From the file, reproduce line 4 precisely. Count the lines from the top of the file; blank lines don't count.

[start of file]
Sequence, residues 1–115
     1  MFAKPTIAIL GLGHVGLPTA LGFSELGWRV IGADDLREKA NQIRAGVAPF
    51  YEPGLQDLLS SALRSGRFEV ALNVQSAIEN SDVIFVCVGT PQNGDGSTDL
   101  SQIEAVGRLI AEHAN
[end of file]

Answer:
   101  SQIEAVGRLI AEHAN